• The US attorney said Mr Smith had used a Houston lawyer to direct his offshore nominees.  The Houston lawyer is not named.

The counts charged against Brockman are from the attachment to the indictment (some of these have multiple counts):

  • 18 U.S.C. § 371 – Conspiracy (Offense and Defraud)
    5 yrs prison, $250k fine, 3 yrs sup. rel., $100 special assessment;
  • 26 U.S.C. § 7201 – Tax Evasion
    5 yrs prison, $250k fine, 3 yrs sup. rel., $100 special assessment, costs of prosecution;
  • 31 U.S.C. §§ 5314 & 5322(b) –FBAR Violations
    10 yrs prison, $500k fine, 3 yrs sup. rel., $100 special assessment;
  • 18 U.S.C. § 1343 – Wire Fraud Affecting a Financial Institution;
    30 yrs prison, $1M fine, 5 yrs sup. rel., $100 special assessment;
  • 18 U.S.C. § 1956(a)(1)(B)(i) – Concealment Money Laundering;
    20 yrs prison, $500k fine or twice the gross gain or loss (whichever is greater), 3 yrs sup. rel., $100 special assessment;
  • 18 U.S.C. § 1956(a)(1)(A)(ii) – Tax Evasion Money Laundering;
    20 yrs prison, $500k fine or twice the gross gain or loss (whichever is greater), 3 yrs sup. rel., $100 special assessment;
  • 18 U.S.C. § 1956(a)(2)(B)(i) – International Concealment Money Laundering;
    20 yrs prison, $500k fine or twice the gross gain or loss (whichever is greater), 3 yrs sup. rel., $100 special assessment;
  • 18 U.S.C. § 1512(b)(2)(B) – Evidence Tampering;
    20 yrs prison, $250k fine, 3 yrs sup. rel., $100 special assessment;
  • 18 U.S.C. § 1512(c)(1) – Destruction of Evidence;
    20 yrs prison, $250k fine, 3 yrs sup. rel., $100 special assessment;

Even without considering the multiple counts the concept of stacking will tell readers that the maximum sentence if conviction on all counts is around 130 years. (revised 10/17/20 11:40am: my actual calculations of all counts shows 800 years maximum incarceration). Of course, the Sentencing Guidelines and Booker variance (if appropriate) will produce a much smaller actual sentence.  My rough and ready calculation of the offense level considering only $2 billion tax loss and acceptance of responsibility (although he has not accepted yet) shows a sentencing range of 168-210 months with good time credit of 21.6-27 months.  revised at 5pm: this is true even if $2 billion was the omitted income amount because it would almost certainly produce at tax loss of $550 million, the top of the table and even if the tax loss were less, the Guidelines calculation would not be reduced much).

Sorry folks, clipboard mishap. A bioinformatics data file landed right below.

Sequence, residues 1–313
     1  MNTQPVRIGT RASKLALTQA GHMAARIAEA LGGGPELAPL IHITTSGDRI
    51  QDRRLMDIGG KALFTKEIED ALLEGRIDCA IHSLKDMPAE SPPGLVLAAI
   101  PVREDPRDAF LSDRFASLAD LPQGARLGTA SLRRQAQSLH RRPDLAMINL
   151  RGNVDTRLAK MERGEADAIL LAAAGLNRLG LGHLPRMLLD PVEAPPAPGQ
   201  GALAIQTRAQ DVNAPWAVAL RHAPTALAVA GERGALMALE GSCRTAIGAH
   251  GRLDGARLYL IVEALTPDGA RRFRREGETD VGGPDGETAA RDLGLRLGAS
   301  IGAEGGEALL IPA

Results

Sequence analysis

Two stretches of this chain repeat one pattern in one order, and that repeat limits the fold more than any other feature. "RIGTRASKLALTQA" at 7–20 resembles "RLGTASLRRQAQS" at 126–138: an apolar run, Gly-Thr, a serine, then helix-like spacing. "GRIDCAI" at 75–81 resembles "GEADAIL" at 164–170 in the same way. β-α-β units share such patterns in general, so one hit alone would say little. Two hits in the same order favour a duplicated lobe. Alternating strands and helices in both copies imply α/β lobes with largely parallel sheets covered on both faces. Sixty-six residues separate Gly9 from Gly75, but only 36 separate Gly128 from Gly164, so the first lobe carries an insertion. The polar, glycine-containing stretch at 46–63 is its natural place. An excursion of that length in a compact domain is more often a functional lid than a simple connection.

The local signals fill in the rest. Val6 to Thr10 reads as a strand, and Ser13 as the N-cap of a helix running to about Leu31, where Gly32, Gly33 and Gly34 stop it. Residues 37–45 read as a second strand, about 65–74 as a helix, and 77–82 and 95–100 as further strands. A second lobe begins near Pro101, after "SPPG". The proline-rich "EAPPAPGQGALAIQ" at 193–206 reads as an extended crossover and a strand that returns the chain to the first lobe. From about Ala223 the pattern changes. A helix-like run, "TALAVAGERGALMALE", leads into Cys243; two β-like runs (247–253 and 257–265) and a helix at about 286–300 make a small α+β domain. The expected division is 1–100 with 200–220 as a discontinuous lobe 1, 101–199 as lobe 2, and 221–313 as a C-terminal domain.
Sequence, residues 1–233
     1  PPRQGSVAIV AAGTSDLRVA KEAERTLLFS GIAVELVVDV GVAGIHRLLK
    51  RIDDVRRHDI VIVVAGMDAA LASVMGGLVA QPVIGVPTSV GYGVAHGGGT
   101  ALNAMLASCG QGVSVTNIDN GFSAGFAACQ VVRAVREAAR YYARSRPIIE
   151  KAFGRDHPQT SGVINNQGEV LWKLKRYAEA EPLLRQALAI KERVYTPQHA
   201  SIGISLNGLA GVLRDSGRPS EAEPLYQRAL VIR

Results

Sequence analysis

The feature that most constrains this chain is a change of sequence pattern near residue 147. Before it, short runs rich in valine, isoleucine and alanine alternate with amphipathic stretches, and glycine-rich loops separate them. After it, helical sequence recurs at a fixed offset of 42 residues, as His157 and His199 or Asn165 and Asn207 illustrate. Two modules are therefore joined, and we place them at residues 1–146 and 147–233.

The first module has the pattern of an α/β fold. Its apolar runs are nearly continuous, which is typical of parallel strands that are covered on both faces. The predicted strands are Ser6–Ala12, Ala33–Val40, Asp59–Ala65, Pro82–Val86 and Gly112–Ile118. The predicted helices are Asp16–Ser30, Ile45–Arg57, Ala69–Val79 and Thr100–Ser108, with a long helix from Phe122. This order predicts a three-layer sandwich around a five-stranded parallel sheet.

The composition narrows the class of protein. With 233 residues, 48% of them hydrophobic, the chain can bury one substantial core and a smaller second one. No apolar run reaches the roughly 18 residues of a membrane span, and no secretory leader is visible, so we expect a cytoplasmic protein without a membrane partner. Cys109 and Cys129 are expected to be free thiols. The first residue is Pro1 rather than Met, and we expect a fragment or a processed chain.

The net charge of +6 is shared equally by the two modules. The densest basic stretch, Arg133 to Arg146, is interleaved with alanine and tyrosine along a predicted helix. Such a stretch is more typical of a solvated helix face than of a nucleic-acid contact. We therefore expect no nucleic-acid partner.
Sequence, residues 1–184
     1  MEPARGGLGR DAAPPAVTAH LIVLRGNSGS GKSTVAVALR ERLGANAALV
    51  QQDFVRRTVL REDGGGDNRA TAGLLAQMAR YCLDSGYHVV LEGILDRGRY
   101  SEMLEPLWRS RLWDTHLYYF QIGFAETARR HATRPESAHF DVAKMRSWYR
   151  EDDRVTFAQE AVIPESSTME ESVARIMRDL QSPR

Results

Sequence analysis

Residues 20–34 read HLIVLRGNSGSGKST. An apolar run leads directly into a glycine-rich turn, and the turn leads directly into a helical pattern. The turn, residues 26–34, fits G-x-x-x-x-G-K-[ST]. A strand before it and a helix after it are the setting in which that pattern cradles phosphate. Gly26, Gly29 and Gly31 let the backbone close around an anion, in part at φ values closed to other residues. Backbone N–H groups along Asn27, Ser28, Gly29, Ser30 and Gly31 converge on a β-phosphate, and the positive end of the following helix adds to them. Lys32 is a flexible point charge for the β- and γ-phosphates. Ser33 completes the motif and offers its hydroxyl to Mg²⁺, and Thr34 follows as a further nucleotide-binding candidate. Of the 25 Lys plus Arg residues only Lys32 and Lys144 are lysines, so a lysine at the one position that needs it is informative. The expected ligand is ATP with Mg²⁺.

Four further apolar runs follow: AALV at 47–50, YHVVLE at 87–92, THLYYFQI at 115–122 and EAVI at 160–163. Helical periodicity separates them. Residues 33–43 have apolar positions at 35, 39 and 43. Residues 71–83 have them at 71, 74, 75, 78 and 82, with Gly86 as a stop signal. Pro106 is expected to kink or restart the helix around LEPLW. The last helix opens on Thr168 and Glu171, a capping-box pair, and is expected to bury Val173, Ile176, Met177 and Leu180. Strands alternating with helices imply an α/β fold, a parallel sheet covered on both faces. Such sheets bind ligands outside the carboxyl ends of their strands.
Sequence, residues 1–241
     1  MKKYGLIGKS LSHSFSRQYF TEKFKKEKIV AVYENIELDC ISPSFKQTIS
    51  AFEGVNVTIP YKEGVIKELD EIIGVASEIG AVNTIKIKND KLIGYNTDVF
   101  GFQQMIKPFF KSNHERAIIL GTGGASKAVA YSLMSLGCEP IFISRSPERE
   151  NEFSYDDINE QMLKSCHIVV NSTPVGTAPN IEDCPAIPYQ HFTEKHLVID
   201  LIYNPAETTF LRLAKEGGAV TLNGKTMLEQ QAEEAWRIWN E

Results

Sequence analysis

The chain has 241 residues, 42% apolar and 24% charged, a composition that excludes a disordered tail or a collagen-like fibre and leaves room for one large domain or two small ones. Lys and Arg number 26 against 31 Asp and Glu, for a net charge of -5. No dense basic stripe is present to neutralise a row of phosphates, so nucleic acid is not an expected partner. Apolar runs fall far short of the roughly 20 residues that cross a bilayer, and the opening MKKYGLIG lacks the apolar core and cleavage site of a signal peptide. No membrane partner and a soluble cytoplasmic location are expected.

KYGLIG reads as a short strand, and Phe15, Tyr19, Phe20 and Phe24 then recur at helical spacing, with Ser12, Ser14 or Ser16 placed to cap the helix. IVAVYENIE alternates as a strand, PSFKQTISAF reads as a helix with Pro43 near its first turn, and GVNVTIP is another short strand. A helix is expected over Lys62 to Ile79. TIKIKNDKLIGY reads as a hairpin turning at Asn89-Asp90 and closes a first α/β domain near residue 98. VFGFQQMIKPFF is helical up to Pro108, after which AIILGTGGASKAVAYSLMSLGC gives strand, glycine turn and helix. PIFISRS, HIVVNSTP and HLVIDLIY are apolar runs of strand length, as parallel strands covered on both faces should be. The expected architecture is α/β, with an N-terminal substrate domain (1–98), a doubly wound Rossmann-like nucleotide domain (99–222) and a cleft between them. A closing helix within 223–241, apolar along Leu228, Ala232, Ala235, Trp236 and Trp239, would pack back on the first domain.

(Added 9:30pm):  The following is a summary of key facts (selective) from the Smith NPA Exhibit A, Statement of Facts:  Foreign Bank notified Smith of intent to participate in the Swiss Bank Program that would require outing Smith.  Smith filed preclearance request for OVDP.  The preclearance request was denied.  Smith filed a false FBAR omitting accounts and filed income tax return omitting income and including false Form 8275.  Smith attempted Streamline disclosure, filing false FBARs and false income tax returns.  (Although not stated in the Statement of Facts, the Streamlined filing would have required that Smith represent that his conduct was not willful, a representation that based on other admission would have been false.)  These actions were willful.